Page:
News: AIR ASSAULT! Warrior Training Center brings course to Camp Atterbury
EDINBURGH, Ind. - After 10 days of having their minds, bodies and collective resolve put to the test during the Air Assault Course at Camp Atterbury Joint Maneuver Training Center, over 100 soldiers and airmen were awarded the prestigious Air Assault Badge here April 27.
Students learned how to apply helicopters to various combat operations such as combat assaults, aircraft orientation, sling-loading and rappelling in the Air Assault Course, which is considered by many to be one of the toughest courses the American military has to offer.
"Attention to detail; that is what this course is about," said Sgt.
Dustin Knapp, air assault instructor from the Warrior Training Center at Fort Benning, Ga. "The students here learn the importance of paying attention to everything and I think they get a lot from that."
The course starts with the infamous "zero day," where students are evaluated for strength, agility, endurance and mental stamina by way of a two-mile run followed immediately by an obstacle course and other various physical training sessions throughout the day. Between each obstacle on the course, there are various exercises that students must perform.
If a student does lunges from obstacle one to obstacle two when they were supposed to bear crawl or crab walk, they are informed upon reaching the new obstacle that they did the wrong exercise and that they must go back and do it again.
"We formed up in the morning and they just immediately started smoking us," said Spc. Amie Billstrom, combat medic from a Forward Surgical Team in Madison, Wis., when asked about zero day. "We had to double time to get to the area for the two-mile run, and we were getting smoked the whole way. It was pretty rough that first morning."
Standing only five feet two inches tall, Billstrom had to work hard to make it through zero day. "Those obstacles are not designed for short people. Zero day was nerve-wracking. Looking back, though, that was the best day I've had here. It feels really good looking back at what I made it through. I felt delighted at the end of the day."
After completing zero day, students continue on to Phase One of the course. During this phase, students must learn hand and arm signals for aircraft orientation, aircraft identification, and the capabilities of each of the Army's fixed wing aircraft. The phase concludes with a 50-question written test and a practical examination of hand and arm signals.
Lt. Nicholas Hoffman from the Plans, Analysis and Integration Office at Camp Atterbury's Installation Support Unit, said, "I think there was a lot more bookwork than most people expected, but that was good."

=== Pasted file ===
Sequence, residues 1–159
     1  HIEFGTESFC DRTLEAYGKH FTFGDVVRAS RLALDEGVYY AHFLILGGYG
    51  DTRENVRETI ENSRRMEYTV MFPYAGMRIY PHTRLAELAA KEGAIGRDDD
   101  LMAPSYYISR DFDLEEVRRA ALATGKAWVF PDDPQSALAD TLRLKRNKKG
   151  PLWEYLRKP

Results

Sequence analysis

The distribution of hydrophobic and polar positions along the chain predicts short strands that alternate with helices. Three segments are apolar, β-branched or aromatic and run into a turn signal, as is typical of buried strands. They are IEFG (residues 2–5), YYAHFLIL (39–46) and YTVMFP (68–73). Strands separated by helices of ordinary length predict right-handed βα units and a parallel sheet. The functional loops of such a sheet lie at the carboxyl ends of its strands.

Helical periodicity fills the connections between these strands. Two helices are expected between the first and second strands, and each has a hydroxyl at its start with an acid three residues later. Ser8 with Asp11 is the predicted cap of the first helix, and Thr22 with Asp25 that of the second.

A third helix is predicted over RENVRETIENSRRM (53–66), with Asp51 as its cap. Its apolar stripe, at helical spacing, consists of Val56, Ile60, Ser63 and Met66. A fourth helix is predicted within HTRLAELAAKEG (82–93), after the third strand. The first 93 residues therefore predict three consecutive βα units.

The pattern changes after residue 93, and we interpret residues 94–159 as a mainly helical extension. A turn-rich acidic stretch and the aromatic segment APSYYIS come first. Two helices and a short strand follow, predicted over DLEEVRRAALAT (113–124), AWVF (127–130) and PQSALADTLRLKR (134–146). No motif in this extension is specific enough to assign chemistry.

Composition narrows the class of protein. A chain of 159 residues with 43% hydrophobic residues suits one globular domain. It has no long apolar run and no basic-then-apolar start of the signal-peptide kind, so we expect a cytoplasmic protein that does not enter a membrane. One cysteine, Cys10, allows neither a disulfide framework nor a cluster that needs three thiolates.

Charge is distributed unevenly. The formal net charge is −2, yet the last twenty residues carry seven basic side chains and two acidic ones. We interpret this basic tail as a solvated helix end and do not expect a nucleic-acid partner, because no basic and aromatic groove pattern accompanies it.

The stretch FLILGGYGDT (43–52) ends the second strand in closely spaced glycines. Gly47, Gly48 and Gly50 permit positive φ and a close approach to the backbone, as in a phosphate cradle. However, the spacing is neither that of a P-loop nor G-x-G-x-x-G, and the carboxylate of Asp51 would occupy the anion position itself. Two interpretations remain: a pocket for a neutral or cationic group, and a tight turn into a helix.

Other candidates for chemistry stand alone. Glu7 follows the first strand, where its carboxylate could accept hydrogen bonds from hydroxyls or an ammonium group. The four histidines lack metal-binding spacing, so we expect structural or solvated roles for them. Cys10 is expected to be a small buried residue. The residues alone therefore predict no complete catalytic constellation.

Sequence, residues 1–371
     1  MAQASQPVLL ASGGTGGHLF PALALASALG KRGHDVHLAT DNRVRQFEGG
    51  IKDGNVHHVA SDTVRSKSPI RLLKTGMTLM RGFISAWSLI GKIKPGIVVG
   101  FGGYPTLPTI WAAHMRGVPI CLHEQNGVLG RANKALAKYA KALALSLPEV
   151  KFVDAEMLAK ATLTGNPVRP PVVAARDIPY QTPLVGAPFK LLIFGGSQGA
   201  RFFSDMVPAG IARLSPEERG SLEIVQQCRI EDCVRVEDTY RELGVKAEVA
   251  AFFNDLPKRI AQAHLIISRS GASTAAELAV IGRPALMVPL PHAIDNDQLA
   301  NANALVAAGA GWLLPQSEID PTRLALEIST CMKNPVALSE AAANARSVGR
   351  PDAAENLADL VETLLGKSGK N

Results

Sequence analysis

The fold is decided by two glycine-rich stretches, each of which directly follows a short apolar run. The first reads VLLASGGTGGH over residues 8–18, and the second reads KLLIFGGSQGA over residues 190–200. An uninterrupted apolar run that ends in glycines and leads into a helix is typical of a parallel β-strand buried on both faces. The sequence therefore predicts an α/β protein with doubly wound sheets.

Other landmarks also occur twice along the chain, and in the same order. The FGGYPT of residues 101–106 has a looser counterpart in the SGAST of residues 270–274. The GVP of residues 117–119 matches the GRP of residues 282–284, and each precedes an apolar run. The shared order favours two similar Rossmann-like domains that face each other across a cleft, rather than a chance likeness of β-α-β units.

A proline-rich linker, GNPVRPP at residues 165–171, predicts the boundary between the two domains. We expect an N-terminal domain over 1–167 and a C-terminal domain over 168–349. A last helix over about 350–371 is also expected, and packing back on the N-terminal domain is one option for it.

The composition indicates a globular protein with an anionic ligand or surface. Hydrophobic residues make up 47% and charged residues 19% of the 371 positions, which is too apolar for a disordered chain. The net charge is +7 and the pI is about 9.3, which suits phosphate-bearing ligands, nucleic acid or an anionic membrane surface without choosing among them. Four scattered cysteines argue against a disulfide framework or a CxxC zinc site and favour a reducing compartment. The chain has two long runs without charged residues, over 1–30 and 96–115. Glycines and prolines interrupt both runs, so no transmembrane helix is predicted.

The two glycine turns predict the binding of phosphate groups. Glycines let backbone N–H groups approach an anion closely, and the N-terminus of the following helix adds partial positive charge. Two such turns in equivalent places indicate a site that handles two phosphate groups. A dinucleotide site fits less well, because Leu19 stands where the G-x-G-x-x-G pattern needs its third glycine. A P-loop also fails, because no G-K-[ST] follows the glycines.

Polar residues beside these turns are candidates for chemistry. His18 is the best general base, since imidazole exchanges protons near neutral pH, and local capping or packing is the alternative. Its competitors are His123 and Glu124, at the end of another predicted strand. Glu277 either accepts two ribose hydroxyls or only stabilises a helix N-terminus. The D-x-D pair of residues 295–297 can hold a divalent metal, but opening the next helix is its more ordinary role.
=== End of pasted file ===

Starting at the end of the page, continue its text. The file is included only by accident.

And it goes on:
The bookwork doesn't end in Phase One. In Phase Two, students have to learn the ins and outs of sling load operations, in which military equipment is bound securely and then slung to a rope, allowing it to hang underneath a helicopter in flight. Students are required to know every detail of what to look for on each type of sling load, taking note of what items get taped, what items are tied with cotton webbing, which ones are tied with nylon parachute cords and what kinds of equipment is used to hook each load to various types of helicopters.
"Phase Two was definitely the most challenging part of the course,"
said Hoffman. "There was so much to remember."
Pfc. Joel Detamore, logistics specialist with Camp Atterbury's Installation Support Unit, echoed Hoffman's sentiment. "There were a lot of numbers and figures to remember in sling-loading. It was hard."
After students pass Phase Two, they move on to Phase Three, where students learn rappelling. Phase Three is typically considered the most fun phase of the Air Assault Course.
"I'm pretty sure this is why most people want to come to this course," said Detamore. "This is by far the most fun we've had here."
In rappelling, students learn how to tie their own harnesses out of rope, rappel down walls and out the sides of helicopters. The culminating event of the phase is when students actually get the chance to rappel out of a UH-60 Black Hawk helicopter.
"A lot of the guys love jumping out of the helicopter," said Knapp.
"They get to rappel out of the helicopter from about 80-90 feet in the air. It's pretty fun for them."
After completion of rappelling, the last thing left for students to complete is a 12-mile road march, which must be completed within three hours.
Once the course is completed, students get to wear the Air Assault Badge for the rest of their careers. It is annotated in their military records, can count towards promotions, and is often a source of bragging rights among peers.
"The best part of the course and what brings most guys here in the first place is just the badge. Everybody loves the Air Assault Badge," said Knapp.
According to Knapp, students walk away with much more than a sharp-looking badge and some promotion points, though. He said they walk away with valuable knowledge and a sense of accomplishment.
"What makes being an instructor so awesome is when you are working with the students and you witness that 'aha!' moment when they suddenly understand the material," said Knapp. "That's pretty awesome for the instructor to actually get to see that moment. It's my favorite part of the job."
The Warrior Training Center travels throughout the country holding Air Assault Courses at various military installations. For more information about Air Assault, go to http://www.campbell.army.mil/units/TSAAS/default.aspx, or the Warrior Training Center Facebook Page by logging onto Facebook.com and searching for Army National Guard Warrior Training Center.
Date Posted:04.30.2012 11:37
Location:EDINBURGH, IN, US
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